Master Harold and The Boys, a play by Athol Fugard

     Hello, readers! Care for a thought-provoking play about growing up? I have just the thing for you.

     A few years after the collaboratively-written play, Sizwe Bansi is Dead1, was performed at the Space Theatre in Cape Town, I was fortunate to watch rehearsals and then see the play performed in Durban, South Africa. What an experience that was! One is never too young to enjoy a good play.

     Like that play, the one featured in this post is also written by Athol Fugard. He made many contributions to the arts and helped raise worldwide awareness about South Africa. His plays were so controversial, they were often banned as subversive. I invite you to enjoy this play, widely available and presented in various formats: the 2010 South African film version 2, the 1985 TV version3, and the one I consider to be one of the best yet, the LA Theater Works production in audiobook format 4.

Characters Hally or “Master Harold” Son of the owner of the business. Sam A servant working for Hally's family. Willie A servant working for Hally's family

     Hally is a young student conflicted between love and admiration toward his adult role models, and the easier path available to him, to deal with the complexity that life presents him by abusing his power and privilege.

     The plot is uncovered against the immediate backdrops of an upcoming ballroom contest, Sam's abusive relationship with his partner, and Hally's sick, crippled and alcohol-addicted father being discharged from hospital. These backdrops are crafted into effective devices by Fugard that bring the suspense of the main conflict to his audience. The social political context is the early years of Apartheid South Africa. This reminds us of the destructive force a social context where abuse is considered normal can have on relationships and on individuals themselves.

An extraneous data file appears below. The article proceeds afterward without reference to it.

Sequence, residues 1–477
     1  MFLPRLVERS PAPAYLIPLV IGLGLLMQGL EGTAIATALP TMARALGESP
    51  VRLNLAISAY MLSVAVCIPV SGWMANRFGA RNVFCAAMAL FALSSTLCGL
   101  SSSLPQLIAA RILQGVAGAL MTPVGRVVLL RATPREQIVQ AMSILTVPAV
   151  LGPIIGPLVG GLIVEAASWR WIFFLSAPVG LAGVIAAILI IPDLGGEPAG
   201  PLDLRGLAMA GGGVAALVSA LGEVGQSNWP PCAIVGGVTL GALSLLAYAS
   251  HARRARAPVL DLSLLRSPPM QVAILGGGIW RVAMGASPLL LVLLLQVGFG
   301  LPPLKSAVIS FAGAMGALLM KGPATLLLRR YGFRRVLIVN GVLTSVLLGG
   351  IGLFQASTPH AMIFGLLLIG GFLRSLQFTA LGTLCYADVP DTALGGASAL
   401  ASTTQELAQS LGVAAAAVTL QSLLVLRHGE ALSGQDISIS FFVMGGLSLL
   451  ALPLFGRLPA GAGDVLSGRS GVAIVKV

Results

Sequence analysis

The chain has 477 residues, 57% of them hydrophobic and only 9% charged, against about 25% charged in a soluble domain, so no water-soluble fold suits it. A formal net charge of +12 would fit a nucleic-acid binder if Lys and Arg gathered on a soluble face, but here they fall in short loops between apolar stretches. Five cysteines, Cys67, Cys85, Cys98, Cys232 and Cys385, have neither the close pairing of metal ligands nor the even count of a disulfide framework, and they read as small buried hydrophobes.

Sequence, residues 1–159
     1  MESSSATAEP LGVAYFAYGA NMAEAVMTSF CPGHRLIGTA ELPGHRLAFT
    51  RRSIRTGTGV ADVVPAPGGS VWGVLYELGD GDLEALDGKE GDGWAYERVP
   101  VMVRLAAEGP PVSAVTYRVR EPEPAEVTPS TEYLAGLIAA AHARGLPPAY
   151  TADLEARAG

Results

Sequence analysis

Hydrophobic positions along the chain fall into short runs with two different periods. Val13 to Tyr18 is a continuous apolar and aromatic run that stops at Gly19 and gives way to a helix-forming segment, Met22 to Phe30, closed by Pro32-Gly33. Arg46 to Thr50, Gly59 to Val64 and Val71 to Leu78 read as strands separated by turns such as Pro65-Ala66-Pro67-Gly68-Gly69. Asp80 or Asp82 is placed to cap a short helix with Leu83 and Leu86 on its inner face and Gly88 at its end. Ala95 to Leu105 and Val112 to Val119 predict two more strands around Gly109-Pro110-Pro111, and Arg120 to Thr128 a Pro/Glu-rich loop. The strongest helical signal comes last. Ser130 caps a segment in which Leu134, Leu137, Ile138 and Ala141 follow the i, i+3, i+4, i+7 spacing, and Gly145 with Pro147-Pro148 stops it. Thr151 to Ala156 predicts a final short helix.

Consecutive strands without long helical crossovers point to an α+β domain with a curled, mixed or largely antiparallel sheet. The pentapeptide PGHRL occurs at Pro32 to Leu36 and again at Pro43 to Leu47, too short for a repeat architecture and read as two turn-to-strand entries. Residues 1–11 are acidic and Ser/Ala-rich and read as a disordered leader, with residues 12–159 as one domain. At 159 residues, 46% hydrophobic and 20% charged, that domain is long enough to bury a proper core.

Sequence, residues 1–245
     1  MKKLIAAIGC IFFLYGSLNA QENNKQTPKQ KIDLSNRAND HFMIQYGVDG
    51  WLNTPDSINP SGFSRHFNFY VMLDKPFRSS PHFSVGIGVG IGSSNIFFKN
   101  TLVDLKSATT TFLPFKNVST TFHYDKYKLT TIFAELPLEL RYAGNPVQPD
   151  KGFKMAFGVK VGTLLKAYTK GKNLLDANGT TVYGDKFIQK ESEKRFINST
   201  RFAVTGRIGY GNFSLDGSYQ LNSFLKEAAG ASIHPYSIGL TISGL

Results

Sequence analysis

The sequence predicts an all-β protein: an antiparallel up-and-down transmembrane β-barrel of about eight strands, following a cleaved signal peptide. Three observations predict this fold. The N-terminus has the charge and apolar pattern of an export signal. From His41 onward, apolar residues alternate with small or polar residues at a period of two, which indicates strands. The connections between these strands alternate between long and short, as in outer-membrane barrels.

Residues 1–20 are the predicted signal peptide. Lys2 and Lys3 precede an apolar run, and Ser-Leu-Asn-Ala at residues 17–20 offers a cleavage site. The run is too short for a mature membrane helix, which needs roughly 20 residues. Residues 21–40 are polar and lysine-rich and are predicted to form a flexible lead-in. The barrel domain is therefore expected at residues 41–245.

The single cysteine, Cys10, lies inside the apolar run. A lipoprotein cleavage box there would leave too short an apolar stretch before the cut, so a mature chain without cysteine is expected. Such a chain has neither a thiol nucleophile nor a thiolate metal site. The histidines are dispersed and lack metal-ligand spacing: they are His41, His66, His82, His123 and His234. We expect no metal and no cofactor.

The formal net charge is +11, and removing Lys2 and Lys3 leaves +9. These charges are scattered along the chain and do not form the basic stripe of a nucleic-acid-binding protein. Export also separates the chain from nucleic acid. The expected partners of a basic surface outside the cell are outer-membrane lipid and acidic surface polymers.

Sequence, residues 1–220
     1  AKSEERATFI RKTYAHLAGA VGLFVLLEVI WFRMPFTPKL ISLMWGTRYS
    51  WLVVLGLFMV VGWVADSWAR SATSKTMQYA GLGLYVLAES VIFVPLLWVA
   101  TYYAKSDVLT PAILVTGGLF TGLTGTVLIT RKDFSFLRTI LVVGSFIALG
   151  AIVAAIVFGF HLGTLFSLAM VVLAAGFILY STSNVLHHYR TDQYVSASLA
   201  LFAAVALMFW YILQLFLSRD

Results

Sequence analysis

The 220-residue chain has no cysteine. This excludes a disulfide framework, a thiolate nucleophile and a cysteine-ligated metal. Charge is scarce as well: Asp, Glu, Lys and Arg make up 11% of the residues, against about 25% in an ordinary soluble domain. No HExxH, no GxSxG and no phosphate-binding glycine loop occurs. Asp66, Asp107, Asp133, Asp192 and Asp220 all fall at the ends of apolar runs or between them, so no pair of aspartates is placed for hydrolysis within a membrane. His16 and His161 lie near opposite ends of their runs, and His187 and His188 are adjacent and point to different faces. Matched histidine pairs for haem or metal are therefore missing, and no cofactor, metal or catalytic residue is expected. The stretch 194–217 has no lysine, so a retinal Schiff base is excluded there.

In "Master Harold"… and the boys, Hally, aka Master Harold, turns on the person he's always felt closest to, the older man who always protected him and tried to help him grow up into a man who could hold his head up. In the totally heartbreaking and shocking climax of the play, Hally decides to try to destroy his best friend Sam; instead, he destroys his own self-respect. After his outburst, he's speechless with shame; you can tell he hates himself for it. He doesn't apologize, though. He's paralyzed by what it would mean for a white boy to humble himself in front of a black man. He turned on Sam because he could, because he knew that because of his race (and his basic decency), Sam wouldn't fight back 5.

References

  1. Athol Fugard, and others, 1972. Sizwe Bansi is Dead Wiki
  2. Lonny Price, 2010. Master Harold and The Boys Film
  3. Michael Lindsay-Hogg, 1985. TV Adaptation YouTube
  4. Athol Fugard, 1982. Master Harold and The Boys Audiobook
  5. Study Guide Shmoop
  6. Registered students can access the class library

#literaryFiction #dramaticplay

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